Culture is pervasive. Culture is something that holds people in place in order to bring order to a group of humans who have a tendency to change from day-to-day.
Culture is something we can shape. Though often times it gets created by the default practices set in place unconsciously by groups of people.
What is the culture in your office, home, business, country?
Culture can be changed, but first we have to be able to name and describe the culture we desire; bring consciousness to how our behaviors, actions and practices impact and have created the current culture; and create new behaviors, actions and practices that align with the culture we desire.
I once worked at a small non-profit. I was the volunteer manager and interacted with a wide variety of people on a day-to-day basis. One day a colleague of mine pulled me aside and with care said, “Tracy, have you ever noticed that if you are in a bad mood people walk on eggshells around you and it puts the whole office in a bad mood.” It wasn’t exactly what I wanted to hear, but it was a profound moment for me. It was then I realized that I have impact, which was not necessarily the impact I wanted to have!
After that day, I took notice of how my behavior, actions and practices shifted the mood in the office. When I felt mad or disgusted, it appeared that others were not interested in talking with me and came around less, which made my customer service oriented job as a volunteer manager tough. But when I was happy, people were happier: we interacted and tasks were accomplished with ease. If I was sad, well people noticed that too.
When things go unsaid, a group of people begin to shape around the various moods and personalities in a place of work. This usually happens unconsciously and creates a culture that stands the test of time. It happens in families, work places, groups of friends, clubs, and any place where there are groups of humans.
As new people enter the culture, though they often have hopes of shifting the inconsistencies and to them obvious challenges, their efforts usually fail or they leave because unspoken culture allows us all to hide behind it so we don’t have to be accountable to change. This is happening globally and locally. It is not necessarily our intention, but it is our practice.
Back to my story, it had never occurred to me that my mood could have an impact on others, but it did. And it still does, not because there is anything that powerful or special about me, but because we are relational creatures and even without knowing it we are impacted by and can impact other people below our and their level of consciousness.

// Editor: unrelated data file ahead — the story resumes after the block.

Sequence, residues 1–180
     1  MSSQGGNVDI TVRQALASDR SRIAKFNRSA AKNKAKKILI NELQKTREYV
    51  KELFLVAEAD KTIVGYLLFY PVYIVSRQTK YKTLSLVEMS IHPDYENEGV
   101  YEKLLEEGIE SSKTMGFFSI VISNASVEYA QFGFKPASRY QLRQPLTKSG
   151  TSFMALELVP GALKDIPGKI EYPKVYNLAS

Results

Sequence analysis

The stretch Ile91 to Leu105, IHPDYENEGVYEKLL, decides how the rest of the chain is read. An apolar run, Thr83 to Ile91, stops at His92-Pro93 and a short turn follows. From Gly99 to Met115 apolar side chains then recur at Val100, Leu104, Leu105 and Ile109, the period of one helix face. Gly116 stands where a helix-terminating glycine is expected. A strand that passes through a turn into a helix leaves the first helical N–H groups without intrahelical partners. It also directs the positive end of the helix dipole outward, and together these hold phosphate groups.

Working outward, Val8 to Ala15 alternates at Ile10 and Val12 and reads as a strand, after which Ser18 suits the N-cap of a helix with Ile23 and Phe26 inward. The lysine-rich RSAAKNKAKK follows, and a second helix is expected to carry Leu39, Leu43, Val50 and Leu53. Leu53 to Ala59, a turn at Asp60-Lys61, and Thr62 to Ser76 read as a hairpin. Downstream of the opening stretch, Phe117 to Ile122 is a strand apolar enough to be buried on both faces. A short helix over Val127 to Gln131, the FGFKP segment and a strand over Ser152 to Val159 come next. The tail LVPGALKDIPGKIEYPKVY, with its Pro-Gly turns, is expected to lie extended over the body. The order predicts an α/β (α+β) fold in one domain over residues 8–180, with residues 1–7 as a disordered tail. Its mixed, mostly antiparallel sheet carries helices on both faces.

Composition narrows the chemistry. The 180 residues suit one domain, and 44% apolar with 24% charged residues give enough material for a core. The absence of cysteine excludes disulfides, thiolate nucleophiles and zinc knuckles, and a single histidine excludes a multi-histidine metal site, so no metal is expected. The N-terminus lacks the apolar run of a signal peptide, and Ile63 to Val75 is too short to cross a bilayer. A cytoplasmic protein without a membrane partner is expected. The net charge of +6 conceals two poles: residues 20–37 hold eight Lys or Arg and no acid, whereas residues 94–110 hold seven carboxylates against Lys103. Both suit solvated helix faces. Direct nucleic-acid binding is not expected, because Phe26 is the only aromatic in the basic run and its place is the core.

This is called resonance. We resonate with others via our limbic system. An area in our brain that takes most of its information from our body and makes subtle changes to our internal landscape so that we can attune to our environment, so we can belong.
As relational creatures, we desire three things: safety, belonging and respect. If these basic human relational needs are not satisfied, we become off-balance which can lead us to get triggered – also known to others as irrationally reactive. This can happen with or without our conscious knowledge.
This is where others, like my office colleague, can come in handy – if we trust them enough to listen.
Others attune to us. Basically, their body is a tuning fork. When we are internally disrupted, off-balance or triggered, it causes dissonance in our body, which signals our body/brain to fix the dissonance by reacting in the habitual ways we historically resolve disruptions. Others can sense this and then adjust their internal state in their habitually learned ways to stay in relationship with us. Usually this happens below our level of consciousness. See the problems!
We all have a way we respond when thrown off balance. People in our lives (siblings, chosen family, work colleagues, etc.) know our habitual response, they can often see it better than us, and can share with us if we ask.
These habitual patterns of behavior create a closed and reactive way of being in the world. And have a huge impact on interoffice relationships and subsequently ours and others productivity.
Think about the last time you were in a conversation with someone who was closed. Someone who was open. Did you change the way you were in each of these conversations? Did they make you feel open or closed?
When we can be present with ourselves – to know when we are off-balance or triggered – then we have a better chance of being able to choose our behavior, actions and practices that eventually create the interoffice culture we desire.
It is not on the shoulders of one to shift the culture, though they can be a leader in regularly encouraging practices that shape the desired actions and behaviors. Shaping a culture is the responsibility of the whole. A sustained commitment to a series of actions, behaviors and practices, that over time build trust and accountability and help people meet their needs for a safe place to belong and be respected for their gifts.
As we move through the end of summer, what office culture are you looking to create? What practices do you have in place to ensure that you get what you want? What happens to you (and how do you impact others) when you are in a reactive state? Not sure how to answer those questions – invite perspective! We can help you create the culture you hope for. Life is short – don’t wait another year.